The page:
Norilsk Nickel is planning for a decline of about 17 percent in nickel prices and 13 percent in copper from last year's average in London, according to two people with knowledge of the matter.
Norilsk has used an average price of about $19,000 a ton for nickel and $7,700 a ton for copper in its 2012 budget, the people said Friday, declining to be identified because the information is confidential. The board approved the budget at the end of December, they said.
Nickel, used in stainless steel, accounts for about 50 percent of Norilsk's revenue, and copper, prized for its conductivity, contributes 25 percent. Earnings before interest, taxes, depreciation and amortization may slump 25 percent this year to $4.4 billion, Deutsche Bank estimated on Jan. 5.
Prices aren't "critically" low for Norilsk, chief executive Vladimir Strzhalkovsky said on Rossia 24 state television Thursday. "Rational conservatism is always better than immoderate optimism and fantasy-building."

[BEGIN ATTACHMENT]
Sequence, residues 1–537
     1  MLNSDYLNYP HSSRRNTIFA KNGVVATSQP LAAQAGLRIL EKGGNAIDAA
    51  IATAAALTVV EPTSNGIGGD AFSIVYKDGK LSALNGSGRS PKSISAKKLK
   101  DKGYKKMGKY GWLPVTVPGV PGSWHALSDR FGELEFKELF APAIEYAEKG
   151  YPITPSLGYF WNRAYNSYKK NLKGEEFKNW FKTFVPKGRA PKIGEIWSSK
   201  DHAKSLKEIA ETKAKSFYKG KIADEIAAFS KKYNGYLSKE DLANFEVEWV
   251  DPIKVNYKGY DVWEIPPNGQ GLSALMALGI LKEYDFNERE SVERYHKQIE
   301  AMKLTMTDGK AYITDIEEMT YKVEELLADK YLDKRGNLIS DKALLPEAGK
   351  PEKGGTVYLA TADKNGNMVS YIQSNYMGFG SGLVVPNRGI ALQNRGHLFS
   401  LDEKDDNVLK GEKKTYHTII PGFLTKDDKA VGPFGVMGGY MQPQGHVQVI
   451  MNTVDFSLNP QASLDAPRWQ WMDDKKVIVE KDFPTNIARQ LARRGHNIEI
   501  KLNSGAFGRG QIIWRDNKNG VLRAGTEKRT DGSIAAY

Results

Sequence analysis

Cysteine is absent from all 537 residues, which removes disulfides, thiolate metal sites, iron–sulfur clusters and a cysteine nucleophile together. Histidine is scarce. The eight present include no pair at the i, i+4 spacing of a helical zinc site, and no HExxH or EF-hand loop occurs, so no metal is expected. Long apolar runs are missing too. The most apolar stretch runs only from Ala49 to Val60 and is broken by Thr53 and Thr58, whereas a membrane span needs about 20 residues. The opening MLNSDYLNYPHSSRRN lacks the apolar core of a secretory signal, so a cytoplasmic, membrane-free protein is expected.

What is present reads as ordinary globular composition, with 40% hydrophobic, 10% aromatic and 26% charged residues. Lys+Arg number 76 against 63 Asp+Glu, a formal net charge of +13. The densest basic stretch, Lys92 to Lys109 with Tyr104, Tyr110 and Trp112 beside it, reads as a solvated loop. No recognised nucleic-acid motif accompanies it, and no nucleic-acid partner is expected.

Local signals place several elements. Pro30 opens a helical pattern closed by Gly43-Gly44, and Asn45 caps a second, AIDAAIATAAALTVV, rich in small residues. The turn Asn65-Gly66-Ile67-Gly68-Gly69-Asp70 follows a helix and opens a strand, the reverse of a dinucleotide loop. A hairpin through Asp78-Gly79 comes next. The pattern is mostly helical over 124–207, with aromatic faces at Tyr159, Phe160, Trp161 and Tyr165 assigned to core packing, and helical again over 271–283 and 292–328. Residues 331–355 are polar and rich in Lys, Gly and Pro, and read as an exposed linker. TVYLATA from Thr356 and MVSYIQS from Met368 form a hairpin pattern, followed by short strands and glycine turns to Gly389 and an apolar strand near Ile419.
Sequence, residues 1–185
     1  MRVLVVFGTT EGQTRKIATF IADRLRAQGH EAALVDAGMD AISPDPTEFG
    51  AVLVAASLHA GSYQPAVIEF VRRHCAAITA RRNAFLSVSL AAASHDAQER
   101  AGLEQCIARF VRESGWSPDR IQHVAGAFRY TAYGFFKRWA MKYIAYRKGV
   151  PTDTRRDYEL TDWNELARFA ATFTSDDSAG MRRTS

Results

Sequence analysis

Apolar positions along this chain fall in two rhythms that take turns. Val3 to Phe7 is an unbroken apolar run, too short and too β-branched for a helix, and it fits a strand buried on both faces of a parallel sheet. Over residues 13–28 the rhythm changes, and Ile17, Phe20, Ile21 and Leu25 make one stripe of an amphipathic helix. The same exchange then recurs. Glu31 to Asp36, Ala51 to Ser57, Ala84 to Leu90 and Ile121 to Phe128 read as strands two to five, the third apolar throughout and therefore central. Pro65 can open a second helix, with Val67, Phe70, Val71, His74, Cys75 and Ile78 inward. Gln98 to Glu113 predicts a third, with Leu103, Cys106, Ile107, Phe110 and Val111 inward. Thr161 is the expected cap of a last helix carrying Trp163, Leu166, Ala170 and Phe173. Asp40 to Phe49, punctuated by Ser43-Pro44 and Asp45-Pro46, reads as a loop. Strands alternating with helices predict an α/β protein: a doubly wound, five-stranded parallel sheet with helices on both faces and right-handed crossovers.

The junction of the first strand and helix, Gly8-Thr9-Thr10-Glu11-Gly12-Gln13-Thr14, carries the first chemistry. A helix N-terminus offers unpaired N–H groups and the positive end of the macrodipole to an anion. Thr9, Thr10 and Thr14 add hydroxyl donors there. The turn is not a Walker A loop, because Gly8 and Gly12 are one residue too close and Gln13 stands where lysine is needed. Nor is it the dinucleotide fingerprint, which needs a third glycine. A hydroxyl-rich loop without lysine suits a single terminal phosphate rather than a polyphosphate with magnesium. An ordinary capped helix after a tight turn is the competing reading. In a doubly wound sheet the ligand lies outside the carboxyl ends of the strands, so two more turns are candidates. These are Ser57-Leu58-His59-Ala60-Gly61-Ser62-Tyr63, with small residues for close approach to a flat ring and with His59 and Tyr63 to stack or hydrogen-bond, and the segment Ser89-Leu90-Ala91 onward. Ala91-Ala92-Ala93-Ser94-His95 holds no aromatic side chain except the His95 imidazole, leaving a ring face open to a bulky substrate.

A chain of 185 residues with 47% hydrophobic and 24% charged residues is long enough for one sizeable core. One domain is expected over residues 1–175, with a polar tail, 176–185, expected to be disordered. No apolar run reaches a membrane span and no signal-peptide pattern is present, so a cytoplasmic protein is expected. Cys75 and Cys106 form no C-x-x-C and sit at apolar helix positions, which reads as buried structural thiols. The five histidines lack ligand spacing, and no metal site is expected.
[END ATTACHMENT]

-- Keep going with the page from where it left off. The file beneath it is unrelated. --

The company expects a "slight" reduction in output in Russia this year, Strzhalkovsky said. Norilsk's nickel and copper output have fallen as its mines age, while the company seeks to build new facilities.
Alisa Fialko, a Norilsk spokeswoman, declined to comment on the company's forecasts.
Nickel may average $20,500 a ton this year, and copper may fall to $8,465, according to median estimates of analysts surveyed by Bloomberg. Last year, prices averaged $22,865 and $8,826, respectively, on the London Metal Exchange. Nickel has slumped by more than 30 percent from last year's peak in February, and copper prices have dropped 18 percent.
"Current prices still allow the majority of nickel and copper producers to turn a profit," Kirill Chuyko, an analyst for UBS, said Friday.
Norilsk sees nickel prices advancing to $30,000 by 2025, with copper, the second-biggest contributor to the company's revenue, surging to $11,300, according to the October strategy.